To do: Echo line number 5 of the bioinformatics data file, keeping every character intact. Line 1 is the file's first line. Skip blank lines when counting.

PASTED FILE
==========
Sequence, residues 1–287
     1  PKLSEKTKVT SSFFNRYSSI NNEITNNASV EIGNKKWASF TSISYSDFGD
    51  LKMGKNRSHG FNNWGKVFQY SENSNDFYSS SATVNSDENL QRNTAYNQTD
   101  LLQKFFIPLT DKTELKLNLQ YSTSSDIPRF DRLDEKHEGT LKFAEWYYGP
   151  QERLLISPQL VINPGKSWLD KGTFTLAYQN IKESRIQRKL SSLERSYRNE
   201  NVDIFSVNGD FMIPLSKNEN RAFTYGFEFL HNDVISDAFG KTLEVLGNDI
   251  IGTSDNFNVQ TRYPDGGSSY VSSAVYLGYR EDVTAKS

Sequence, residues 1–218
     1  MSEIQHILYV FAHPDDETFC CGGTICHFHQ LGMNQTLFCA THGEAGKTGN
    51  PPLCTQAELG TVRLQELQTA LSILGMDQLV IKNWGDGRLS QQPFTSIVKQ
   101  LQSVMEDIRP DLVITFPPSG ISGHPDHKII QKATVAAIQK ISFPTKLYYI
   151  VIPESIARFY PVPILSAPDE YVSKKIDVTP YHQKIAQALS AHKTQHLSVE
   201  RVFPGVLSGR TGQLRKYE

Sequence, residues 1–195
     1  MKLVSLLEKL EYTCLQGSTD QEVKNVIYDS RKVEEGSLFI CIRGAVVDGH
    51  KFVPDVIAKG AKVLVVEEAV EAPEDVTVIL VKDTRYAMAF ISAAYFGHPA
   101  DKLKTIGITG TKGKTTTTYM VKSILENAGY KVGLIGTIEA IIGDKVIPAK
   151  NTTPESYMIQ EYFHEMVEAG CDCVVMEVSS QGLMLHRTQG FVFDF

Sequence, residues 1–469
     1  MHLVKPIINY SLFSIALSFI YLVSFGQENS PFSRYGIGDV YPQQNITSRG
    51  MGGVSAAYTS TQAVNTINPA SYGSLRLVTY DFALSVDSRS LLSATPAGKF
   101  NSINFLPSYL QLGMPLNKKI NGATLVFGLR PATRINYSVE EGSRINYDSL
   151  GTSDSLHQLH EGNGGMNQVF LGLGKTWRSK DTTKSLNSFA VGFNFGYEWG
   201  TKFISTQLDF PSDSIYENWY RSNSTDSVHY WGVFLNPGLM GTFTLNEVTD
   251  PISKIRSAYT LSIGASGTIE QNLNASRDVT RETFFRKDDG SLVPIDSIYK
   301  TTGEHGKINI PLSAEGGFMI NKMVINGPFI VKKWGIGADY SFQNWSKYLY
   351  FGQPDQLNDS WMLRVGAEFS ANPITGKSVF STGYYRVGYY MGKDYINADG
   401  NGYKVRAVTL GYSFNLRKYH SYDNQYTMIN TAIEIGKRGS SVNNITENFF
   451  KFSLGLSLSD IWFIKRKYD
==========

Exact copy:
   151  QERLLISPQL VINPGKSWLD KGTFTLAYQN IKESRIQRKL SSLERSYRNE